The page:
You do not need to make an About Us page long. If you are finding yourself being long winded about it, you may be providing a poor user experience, and a visitor may not read it. You can prevent this by creating child pages for portions of it, and just including an introduction with an internal link. Doing so not only provides a better user experience, but also offers more engagement and promotion opportunities.
Make Sure People See It, Make A Promotion Plan
It is a good idea to create a promotion strategy for your About Us page as you are writing it. Not enough people do this, but whether the opportunities are numerous or few, you should be doing this for every page of content you have. The About Us page, however, presents unique opportunities.
Because the About Us page is important to helping build trust from your audience, you should consider this as a landing page for brand-related social posts. To reach your audience in the most effective way, I recommend you read through these social media distribution tactics outlined by Foundation Inc., and apply them to your About Us page.
Your promotion and distribution tactics will vary depending on your target audience, but consider your answers to the questions above. Who does this all matter to? Find online communities of those audiences on Facebook, Twitter, (and LinkedIn if your customers are B2B). This is only part of it.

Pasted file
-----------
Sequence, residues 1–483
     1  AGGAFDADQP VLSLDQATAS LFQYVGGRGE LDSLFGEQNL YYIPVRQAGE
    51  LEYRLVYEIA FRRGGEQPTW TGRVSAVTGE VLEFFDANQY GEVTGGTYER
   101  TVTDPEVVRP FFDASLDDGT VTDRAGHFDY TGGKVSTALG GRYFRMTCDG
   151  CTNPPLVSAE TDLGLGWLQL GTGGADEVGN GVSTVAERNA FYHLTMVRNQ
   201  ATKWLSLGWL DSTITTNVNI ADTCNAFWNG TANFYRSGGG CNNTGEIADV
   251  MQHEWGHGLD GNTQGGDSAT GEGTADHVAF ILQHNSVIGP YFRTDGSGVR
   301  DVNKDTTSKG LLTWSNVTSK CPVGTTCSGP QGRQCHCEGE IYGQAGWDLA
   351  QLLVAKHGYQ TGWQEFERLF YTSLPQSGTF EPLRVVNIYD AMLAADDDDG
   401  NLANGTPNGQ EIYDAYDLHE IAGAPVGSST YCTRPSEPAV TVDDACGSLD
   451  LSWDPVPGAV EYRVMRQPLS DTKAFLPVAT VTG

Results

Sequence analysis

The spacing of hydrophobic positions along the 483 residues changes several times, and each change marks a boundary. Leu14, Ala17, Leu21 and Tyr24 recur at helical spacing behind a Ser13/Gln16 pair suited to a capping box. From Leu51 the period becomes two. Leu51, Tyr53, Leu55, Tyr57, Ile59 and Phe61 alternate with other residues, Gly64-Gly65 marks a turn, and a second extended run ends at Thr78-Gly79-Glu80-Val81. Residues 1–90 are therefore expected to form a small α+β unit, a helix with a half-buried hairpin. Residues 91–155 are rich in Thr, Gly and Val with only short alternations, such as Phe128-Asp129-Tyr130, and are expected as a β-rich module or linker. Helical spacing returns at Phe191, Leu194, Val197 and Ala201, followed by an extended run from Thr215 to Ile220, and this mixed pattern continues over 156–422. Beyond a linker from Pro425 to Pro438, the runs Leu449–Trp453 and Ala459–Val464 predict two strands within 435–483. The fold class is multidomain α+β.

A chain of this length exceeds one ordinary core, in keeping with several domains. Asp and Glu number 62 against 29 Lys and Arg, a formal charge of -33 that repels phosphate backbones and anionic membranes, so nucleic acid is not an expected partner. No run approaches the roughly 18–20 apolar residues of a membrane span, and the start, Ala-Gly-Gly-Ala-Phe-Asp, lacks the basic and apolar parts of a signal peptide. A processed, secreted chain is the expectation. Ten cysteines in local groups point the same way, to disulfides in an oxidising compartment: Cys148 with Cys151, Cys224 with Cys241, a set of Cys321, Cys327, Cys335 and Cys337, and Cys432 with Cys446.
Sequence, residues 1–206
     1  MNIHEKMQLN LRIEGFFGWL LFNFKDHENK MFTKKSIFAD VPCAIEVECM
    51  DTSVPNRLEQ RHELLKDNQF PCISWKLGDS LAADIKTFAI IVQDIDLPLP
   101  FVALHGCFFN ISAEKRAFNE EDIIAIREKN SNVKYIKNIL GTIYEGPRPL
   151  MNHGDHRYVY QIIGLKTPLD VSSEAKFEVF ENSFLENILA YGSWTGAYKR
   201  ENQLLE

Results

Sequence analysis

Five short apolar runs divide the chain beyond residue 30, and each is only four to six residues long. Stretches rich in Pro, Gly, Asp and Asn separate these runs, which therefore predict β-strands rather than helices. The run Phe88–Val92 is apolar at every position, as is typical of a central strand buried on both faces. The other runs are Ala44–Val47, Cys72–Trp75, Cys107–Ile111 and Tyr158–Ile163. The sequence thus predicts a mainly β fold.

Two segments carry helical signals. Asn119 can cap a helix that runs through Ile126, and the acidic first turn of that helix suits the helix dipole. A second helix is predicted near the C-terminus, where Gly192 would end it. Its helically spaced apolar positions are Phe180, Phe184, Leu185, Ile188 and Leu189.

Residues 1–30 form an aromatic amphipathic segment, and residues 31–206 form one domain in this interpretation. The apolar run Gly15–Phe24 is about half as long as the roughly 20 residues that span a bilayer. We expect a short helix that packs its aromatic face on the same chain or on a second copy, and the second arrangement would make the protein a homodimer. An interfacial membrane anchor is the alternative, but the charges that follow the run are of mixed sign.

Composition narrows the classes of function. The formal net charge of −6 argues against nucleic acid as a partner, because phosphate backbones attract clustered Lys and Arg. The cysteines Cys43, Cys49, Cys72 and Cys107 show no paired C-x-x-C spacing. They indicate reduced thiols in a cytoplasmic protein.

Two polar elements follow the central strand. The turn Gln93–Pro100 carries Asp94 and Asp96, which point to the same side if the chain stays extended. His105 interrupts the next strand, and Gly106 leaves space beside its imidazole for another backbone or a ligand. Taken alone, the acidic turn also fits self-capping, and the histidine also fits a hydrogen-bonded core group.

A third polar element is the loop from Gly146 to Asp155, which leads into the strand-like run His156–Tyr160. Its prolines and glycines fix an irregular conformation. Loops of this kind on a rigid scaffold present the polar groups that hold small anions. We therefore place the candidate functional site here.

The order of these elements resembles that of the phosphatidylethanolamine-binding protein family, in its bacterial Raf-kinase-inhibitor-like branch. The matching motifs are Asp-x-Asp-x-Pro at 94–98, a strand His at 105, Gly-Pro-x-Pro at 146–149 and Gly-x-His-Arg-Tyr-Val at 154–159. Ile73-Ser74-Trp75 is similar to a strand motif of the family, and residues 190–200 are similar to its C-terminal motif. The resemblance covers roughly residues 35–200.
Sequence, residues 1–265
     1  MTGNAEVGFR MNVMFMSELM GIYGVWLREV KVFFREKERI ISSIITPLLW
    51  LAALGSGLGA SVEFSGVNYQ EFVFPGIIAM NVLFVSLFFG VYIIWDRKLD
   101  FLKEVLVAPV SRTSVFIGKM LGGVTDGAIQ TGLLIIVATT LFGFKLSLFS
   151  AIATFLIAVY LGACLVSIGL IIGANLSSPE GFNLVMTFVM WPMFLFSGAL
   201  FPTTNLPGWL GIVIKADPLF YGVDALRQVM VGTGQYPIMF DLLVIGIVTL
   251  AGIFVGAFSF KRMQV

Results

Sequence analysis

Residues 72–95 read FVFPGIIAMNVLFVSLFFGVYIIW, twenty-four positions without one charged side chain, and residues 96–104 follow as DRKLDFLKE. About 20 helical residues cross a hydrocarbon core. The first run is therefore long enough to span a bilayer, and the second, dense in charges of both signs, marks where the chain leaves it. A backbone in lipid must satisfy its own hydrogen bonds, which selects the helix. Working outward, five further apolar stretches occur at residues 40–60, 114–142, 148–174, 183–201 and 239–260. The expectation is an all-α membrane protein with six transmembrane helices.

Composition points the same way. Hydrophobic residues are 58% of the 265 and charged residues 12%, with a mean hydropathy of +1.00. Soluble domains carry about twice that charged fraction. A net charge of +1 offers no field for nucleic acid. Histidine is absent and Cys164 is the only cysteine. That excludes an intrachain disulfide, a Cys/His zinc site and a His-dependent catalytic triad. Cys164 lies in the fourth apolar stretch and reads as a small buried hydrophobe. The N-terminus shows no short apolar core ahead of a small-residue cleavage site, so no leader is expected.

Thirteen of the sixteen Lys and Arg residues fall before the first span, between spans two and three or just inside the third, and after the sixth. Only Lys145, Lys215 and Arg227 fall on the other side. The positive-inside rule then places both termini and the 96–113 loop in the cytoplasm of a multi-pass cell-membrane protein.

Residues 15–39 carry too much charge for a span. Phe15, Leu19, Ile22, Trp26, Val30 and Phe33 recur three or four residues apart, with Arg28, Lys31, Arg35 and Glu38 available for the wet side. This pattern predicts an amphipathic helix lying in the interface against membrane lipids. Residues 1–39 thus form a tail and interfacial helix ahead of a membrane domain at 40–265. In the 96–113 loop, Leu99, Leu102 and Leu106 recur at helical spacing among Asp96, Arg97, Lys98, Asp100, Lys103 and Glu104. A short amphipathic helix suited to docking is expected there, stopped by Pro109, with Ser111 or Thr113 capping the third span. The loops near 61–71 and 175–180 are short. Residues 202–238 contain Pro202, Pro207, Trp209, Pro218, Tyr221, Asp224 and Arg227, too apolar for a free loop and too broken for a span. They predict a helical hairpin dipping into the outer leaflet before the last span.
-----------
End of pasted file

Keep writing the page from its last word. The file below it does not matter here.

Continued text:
You may also want to align your About Us page with a focus keyword. That is, a word people are using to find relevant information in search engines. Make sure there is some focus in the content of the page around that word. (I said some, do not overdo this please).
You may also want to consider reaching out to bloggers. It is best to consider two things when searching for these opportunities:
- Is their audience likely to care about your brand in the way you want them to care?
- Does the blogger share similar values as your organization?
Make it worth their time to promote your business online and link to the About Us page, by engaging these shared values in your outreach. These are the same people you may want to develop a relationship with, to further promote your content.
You Just Greatly Increased Your Organization’s Value!
You have an About Us page that you can feel good about, and you are promoting it. And here is another major benefit: you just created content that can be rewritten for many formats. This content is good for business presentations, can be worked into your elevator speech, introductory videos for your business, and more.
Just to review:
- Explain who the people are behind the business
- Demonstrate what drives the organization
- Tell a story about when the organization began
- Help a customer see where your organization makes an impact
- Connect the bigger picture to why your organization is important
- It is not just about what you do but how you do it
- Do not ignore the value of good layout, design, and page structure
- Create a distribution plan for engagement and promotion to your audience
Now your website is a little bit better. For more tips and ways to improve your website, consider these 9 good habits for all website owners.